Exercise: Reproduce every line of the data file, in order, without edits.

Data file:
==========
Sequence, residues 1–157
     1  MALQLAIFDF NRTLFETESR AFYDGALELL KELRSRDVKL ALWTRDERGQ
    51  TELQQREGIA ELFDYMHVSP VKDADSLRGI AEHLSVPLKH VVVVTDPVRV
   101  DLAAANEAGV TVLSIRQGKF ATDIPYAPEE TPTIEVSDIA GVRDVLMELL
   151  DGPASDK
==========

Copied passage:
Sequence, residues 1–157
     1  MALQLAIFDF NRTLFETESR AFYDGALELL KELRSRDVKL ALWTRDERGQ
    51  TELQQREGIA ELFDYMHVSP VKDADSLRGI AEHLSVPLKH VVVVTDPVRV
   101  DLAAANEAGV TVLSIRQGKF ATDIPYAPEE TPTIEVSDIA GVRDVLMELL
   151  DGPASDK